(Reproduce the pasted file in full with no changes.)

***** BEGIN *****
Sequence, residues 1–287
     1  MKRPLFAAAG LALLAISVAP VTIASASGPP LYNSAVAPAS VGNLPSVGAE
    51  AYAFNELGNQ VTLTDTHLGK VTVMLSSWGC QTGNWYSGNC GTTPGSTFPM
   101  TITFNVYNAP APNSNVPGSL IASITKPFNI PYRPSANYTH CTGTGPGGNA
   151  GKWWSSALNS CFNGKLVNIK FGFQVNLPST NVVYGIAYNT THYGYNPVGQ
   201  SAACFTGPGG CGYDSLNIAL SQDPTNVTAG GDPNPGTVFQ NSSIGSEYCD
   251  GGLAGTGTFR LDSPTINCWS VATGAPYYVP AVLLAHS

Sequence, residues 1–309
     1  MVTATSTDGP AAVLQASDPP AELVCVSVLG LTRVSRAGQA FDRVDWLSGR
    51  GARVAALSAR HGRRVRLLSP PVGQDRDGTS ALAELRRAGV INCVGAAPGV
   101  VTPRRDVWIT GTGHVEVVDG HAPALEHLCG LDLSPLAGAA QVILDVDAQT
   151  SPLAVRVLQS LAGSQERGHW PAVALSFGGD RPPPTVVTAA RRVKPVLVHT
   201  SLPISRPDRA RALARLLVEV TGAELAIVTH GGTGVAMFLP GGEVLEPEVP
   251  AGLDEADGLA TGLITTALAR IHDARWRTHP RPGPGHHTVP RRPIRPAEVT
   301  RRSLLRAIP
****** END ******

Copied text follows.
Sequence, residues 1–287
     1  MKRPLFAAAG LALLAISVAP VTIASASGPP LYNSAVAPAS VGNLPSVGAE
    51  AYAFNELGNQ VTLTDTHLGK VTVMLSSWGC QTGNWYSGNC GTTPGSTFPM
   101  TITFNVYNAP APNSNVPGSL IASITKPFNI PYRPSANYTH CTGTGPGGNA
   151  GKWWSSALNS CFNGKLVNIK FGFQVNLPST NVVYGIAYNT THYGYNPVGQ
   201  SAACFTGPGG CGYDSLNIAL SQDPTNVTAG GDPNPGTVFQ NSSIGSEYCD
   251  GGLAGTGTFR LDSPTINCWS VATGAPYYVP AVLLAHS

Sequence, residues 1–309
     1  MVTATSTDGP AAVLQASDPP AELVCVSVLG LTRVSRAGQA FDRVDWLSGR
    51  GARVAALSAR HGRRVRLLSP PVGQDRDGTS ALAELRRAGV INCVGAAPGV
   101  VTPRRDVWIT GTGHVEVVDG HAPALEHLCG LDLSPLAGAA QVILDVDAQT
   151  SPLAVRVLQS LAGSQERGHW PAVALSFGGD RPPPTVVTAA RRVKPVLVHT
   201  SLPISRPDRA RALARLLVEV TGAELAIVTH GGTGVAMFLP GGEVLEPEVP
   251  AGLDEADGLA TGLITTALAR IHDARWRTHP RPGPGHHTVP RRPIRPAEVT
   301  RRSLLRAIP